Abstract ID: 258
Progress Towards for better Understanding of the Sources of Global S2S Precipitation Prediction using Land Temperatures Anomaly over high mountains: A brief overview from the GEWEX/LS4P Initiative
Lead Author: Yongkang Xue
University of California, Los Angeles (UCLA), United States of America
Keywords: GEWEX/LS4P, S2S prediction, Land surface/subsurface temperature (LST/SUBT), Tibetan Plateau, Tibetan Plateau-Rocky Mountains Circumglobal (TRC) wave train
Abstract: This paper presents a new idea that utilizes information on boreal spring land surface temperature/subsurface temperature (LST/SUBT) anomalies over the Tibetan Plateau (TP) and Rocky Mountains (RM) to improve prediction of subsequent summer droughts/floods over several regions over the world, East Asia and North America in particular. The work was performed in the framework of the GEWEX/LS4P Initiative (Impact of initialized Land Surface temperature and Snowpack on Sub-seasonal to Seasonal Prediction). The LS4P Phase I (LS4P-I) experiment focused on whether the TP LST/SUBT provides an additional source for subseasonal-to-seasonal (S2S) predictability. The summer 2003, when there were severe drought/flood over the southern/northern part of the Yangtze River basin, respectively, has been selected as the focus case. The cause of the 2003 drought had never been identified. More than forty institutions worldwide have participated in this effort, many of which are the major climate/weather centers in the world.
As a newly developed approach, observational evidence of land memory and statistically significant lag relationship between spring TP LST and summer precipitation were assessed. An out-of-phase oscillation between the TP and RM surface temperatures and a TP-RM Circumglobal (TRC) wave train have been identified. Meanwhile, the large bias in simulating the TP LST and regional wet/dry conditions by the LS4P-I Earth System Models were also noticed. With the newly developed LS4P initialization method for TP land temperature, the observed surface temperature anomaly over the TP has been partially produced by the LS4P-I model ensemble mean, and 8 hotspot regions in the world were identified where June precipitation is significantly associated with anomalies of May TP land temperature. Consideration of the TP LST/SUBT effect has produced about 25%-50% of observed precipitation anomalies in most hotspot regions. The multiple models have shown more consistency in the hotspot regions along the TRC wave train. For comparison, the global Sea surface temperature (SST) effect has also been tested and 6 regions with significant SST effects were identified in the 2003 case, explaining about 25-50% of precipitation anomalies over most of these regions. This study suggests that the TP LST/SUBT effect is a first-order source of S2S precipitation predictability, and hence it is comparable to that of the SST effect. With the completion of the LS4P-I, the LS4P-II has been launched and the LS4P-II protocol is briefly presented.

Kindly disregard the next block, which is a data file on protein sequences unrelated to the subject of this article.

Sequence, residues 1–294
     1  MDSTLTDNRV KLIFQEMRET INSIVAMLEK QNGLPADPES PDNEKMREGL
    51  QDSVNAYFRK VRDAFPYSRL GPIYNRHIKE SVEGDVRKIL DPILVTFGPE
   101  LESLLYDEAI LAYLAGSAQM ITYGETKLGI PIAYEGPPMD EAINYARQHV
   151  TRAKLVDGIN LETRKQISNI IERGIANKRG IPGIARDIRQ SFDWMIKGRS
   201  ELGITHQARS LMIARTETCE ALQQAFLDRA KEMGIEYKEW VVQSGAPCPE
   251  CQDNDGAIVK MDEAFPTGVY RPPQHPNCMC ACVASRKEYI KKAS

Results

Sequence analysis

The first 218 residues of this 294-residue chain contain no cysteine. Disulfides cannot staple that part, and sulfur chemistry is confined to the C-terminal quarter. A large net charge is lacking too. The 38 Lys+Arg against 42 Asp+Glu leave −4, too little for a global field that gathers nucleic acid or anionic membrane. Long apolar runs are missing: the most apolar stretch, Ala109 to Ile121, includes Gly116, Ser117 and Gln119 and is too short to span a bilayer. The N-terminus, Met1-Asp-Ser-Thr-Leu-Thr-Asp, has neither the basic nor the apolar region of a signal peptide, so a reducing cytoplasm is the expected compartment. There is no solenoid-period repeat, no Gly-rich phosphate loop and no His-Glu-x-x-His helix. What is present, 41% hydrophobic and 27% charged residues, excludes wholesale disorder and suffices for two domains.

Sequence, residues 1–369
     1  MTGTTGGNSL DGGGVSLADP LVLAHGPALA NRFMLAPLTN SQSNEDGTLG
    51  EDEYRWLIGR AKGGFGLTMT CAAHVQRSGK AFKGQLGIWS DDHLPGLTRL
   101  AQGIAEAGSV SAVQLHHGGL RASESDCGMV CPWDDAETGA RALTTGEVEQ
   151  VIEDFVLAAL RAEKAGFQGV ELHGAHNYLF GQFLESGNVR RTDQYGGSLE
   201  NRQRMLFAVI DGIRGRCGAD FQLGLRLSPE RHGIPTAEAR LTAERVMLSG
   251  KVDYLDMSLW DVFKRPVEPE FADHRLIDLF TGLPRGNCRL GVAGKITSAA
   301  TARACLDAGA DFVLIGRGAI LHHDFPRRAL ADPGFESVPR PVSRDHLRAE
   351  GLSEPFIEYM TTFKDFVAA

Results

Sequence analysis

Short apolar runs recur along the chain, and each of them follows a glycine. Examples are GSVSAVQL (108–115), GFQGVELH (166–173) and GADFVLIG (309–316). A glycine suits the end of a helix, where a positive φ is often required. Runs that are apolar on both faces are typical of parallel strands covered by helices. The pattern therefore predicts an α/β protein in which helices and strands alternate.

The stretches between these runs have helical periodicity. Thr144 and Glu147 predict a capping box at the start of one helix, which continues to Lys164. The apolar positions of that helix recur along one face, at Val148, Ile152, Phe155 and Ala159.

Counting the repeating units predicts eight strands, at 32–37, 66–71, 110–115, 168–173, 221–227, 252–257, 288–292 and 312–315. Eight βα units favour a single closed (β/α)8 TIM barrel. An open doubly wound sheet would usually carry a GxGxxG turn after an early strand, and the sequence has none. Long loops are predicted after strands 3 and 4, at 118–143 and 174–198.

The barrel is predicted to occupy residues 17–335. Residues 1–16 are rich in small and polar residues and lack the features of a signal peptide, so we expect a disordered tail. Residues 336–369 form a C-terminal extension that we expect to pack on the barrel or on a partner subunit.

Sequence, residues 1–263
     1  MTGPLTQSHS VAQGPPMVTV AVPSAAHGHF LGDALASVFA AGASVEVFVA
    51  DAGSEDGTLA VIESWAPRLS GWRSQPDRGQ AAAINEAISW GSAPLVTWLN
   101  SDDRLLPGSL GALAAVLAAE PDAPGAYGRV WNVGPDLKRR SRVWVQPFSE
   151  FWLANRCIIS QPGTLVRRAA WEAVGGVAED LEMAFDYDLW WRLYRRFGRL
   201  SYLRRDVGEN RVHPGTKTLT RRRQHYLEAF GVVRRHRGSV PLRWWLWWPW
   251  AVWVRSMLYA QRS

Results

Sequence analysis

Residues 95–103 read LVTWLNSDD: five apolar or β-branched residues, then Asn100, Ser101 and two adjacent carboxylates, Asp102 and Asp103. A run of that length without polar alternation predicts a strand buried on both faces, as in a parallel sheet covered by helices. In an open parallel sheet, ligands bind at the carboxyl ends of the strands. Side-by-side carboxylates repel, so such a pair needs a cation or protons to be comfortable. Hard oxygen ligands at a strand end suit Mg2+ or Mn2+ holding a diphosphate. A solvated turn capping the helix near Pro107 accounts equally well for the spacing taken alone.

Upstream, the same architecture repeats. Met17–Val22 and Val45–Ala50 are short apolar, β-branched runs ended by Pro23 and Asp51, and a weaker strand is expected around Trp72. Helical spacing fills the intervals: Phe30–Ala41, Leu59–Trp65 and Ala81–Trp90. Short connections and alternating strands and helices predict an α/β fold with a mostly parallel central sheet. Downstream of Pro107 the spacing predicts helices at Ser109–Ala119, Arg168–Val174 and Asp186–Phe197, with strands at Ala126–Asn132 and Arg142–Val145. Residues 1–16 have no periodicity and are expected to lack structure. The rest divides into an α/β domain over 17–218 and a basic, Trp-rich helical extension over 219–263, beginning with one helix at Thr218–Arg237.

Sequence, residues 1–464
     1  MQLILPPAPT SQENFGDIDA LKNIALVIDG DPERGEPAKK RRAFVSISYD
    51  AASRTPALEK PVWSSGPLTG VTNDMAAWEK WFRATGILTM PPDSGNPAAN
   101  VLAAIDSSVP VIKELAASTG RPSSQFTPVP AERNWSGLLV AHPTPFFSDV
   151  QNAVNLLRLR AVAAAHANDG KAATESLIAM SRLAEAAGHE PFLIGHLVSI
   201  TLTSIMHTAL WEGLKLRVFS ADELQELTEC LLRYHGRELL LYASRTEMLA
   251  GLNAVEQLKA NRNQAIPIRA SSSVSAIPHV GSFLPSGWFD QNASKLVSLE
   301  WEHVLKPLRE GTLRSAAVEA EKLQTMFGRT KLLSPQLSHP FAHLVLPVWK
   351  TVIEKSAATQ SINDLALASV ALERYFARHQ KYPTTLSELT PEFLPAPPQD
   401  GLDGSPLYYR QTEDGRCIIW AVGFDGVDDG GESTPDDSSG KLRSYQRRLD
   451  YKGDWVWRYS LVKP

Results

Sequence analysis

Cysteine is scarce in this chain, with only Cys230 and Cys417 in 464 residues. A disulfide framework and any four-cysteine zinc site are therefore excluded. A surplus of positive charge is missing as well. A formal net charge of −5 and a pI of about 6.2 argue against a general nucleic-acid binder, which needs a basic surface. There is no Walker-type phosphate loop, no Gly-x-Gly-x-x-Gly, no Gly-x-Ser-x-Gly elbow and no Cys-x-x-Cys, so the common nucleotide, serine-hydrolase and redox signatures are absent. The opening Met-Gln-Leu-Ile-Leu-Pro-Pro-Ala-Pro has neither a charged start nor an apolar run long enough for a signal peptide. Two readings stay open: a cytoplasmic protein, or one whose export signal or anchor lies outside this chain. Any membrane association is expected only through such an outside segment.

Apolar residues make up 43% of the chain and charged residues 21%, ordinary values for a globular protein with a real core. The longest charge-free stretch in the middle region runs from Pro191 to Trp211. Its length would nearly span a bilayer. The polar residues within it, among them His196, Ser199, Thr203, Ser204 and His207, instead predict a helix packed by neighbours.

A. Bonne (CNRM, Université de Toulouse, Météo-France, CNRS, ,France)
T. Yao ( Institute of Tibetan Plateau Research, Chinese Academy of Sciences, China
I. Diallo (he Pennsylvania State University, USA)
X. Zeng (University of Arizona; Tucson, USA)
W. K.-M. Lau (ESSIC, University of Maryland, College Park, USA)
F. Vitart (European Centre for Medium-Range Weather Forecasts, UK)
D. Neelin (University of California, Los Angeles, USA)